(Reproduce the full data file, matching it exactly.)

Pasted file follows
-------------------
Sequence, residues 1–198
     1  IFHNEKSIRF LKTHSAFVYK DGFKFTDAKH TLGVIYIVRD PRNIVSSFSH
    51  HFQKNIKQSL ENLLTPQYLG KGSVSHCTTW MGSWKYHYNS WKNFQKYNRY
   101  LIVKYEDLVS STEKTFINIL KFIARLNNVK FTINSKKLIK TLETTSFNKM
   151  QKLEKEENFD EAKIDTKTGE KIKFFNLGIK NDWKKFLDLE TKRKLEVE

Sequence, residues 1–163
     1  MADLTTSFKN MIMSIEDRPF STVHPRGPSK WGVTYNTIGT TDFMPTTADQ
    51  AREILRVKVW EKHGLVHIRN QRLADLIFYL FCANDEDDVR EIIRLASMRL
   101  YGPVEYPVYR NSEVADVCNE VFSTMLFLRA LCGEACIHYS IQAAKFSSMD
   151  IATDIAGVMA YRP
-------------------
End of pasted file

Sequence, residues 1–198
     1  IFHNEKSIRF LKTHSAFVYK DGFKFTDAKH TLGVIYIVRD PRNIVSSFSH
    51  HFQKNIKQSL ENLLTPQYLG KGSVSHCTTW MGSWKYHYNS WKNFQKYNRY
   101  LIVKYEDLVS STEKTFINIL KFIARLNNVK FTINSKKLIK TLETTSFNKM
   151  QKLEKEENFD EAKIDTKTGE KIKFFNLGIK NDWKKFLDLE TKRKLEVE

Sequence, residues 1–163
     1  MADLTTSFKN MIMSIEDRPF STVHPRGPSK WGVTYNTIGT TDFMPTTADQ
    51  AREILRVKVW EKHGLVHIRN QRLADLIFYL FCANDEDDVR EIIRLASMRL
   101  YGPVEYPVYR NSEVADVCNE VFSTMLFLRA LCGEACIHYS IQAAKFSSMD
   151  IATDIAGVMA YRP